WellingtonNZ.com is the storytelling engine for Wellington—a platform designed to support the visitor growth and economic development of Wellington City and the wider region. It provides information for an audience of international and domestic visitors, workers, students, businesses, and investors, to attract them to the creative heart of New Zealand and ensure a long stay.
The Wellington Regional Development Agency (WREDA) is the organisation tasked with making the Wellington Region wildly famous. When WellingtonNZ.com was originally designed in 2014, it brought together seven separate sites to radically improve user experience, increase audience engagement, and find efficiencies for WREDA.
During the five years since its launch, the site has seen continuous growth and investment to optimise the user experience, add new functionality, and create templates for campaigns, subsites, and new content to expand its capability.
WellingtonNZ.com is one of the oldest and largest SilverStripe codebases. In mid-2018, DNA and WREDA embarked on a SilverStripe 4 upgrade of the site.
A timely investment in the platform
DNA have managed more complex codebases (such as Skinny Mobile), but the codebase this upgrade covered was vast, including:
- Numerous APIs including EventFinder, TradeMe, BookIt, MetService
- Multiple subsites including Venues Wellington, Wellington Regional Trails, Hutt Valley, and Kapiti Coast
- Specific search indexes including Events, Accommodation, and Shopping
- Over 40 content block types, 26 page types, and 19 listing types
- Over 300 template files
- CMS customisations
- Chinese and Spanish translations
- Other bespoke functionality for WREDA
As the site had grown significantly since its launch, there were multiple aspects of the platform which had started to become problematic. Over time, DNA had re-worked content management to capitalise on using content blocks and decommissioned some functionality when it hadn’t delivered enough value to WREDA or users.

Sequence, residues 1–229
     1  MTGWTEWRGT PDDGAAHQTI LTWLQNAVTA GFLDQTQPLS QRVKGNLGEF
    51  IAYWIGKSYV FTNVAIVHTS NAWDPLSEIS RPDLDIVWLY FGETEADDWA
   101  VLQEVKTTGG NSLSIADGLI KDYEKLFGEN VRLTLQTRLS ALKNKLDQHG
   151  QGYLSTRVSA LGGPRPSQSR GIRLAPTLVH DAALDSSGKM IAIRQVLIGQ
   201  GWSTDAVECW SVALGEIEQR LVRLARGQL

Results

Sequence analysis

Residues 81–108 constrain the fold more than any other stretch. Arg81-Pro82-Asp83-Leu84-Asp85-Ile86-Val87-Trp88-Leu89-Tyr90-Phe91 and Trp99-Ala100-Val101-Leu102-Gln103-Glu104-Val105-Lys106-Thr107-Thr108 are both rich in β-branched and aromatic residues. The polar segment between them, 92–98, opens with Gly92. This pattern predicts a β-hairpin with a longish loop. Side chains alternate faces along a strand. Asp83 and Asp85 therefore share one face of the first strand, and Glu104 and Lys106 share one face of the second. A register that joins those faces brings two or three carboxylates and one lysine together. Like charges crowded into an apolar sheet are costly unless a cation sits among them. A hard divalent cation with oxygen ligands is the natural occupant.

A major upgrade meant that DNA could further re-work these areas alongside the upgrade and ensure that this effort was as efficient as possible. It also means that coming out of the upgrade, WREDA has a more streamlined codebase, giving them the best opportunity to continue to benefit long term from their investment.
For other clients, DNA has recommended starting with smaller projects to upgrade to SilverStripe 4 before embarking on larger scale and more complex projects. However, with WREDA's roadmap of work for 2018, it was best to upgrade the project before DNA looked to add additional functionality for the recently released Wellington Regional Trails and Hutt Valley content.
Planning the upgrade
The upgrade was scheduled to work alongside three other projects for 2018: Wellington Regional Trails, Hutt Valley, and the Wellington Advent Calendar. The first two projects relied on SilverStripe 4 as a base to build on. DNA organised one of their development squads to focus on the core upgrade, while another squad worked in parallel, building out the new functionality for Wellington Regional Trails.
Once the SilverStripe code work was close to finished, both squads could test a wide range of features relatively quickly and find issues that had inadvertently cropped up, and the project squad could continue to deliver their project once the SilverStripe 4 upgrade was completed.
The project went through three phases of work: Refactor, Upgrade, and Optimise.
Since the codebase was quite old, the upgrade gave DNA a chance to review the code that existed, remove code that was no longer used, and identify opportunities to streamline. Doing this prior to the upgrade meant the next phase was smaller due to there being less code to review and the code being in a better state.
This work covered:
- Search indexes
- Unused page types (DNA had slowly rolled out Elemental to give WREDA more diverse page types, so no longer needed as many page types)
- Decommissioned APIs (BookIt and Zomato were no longer required)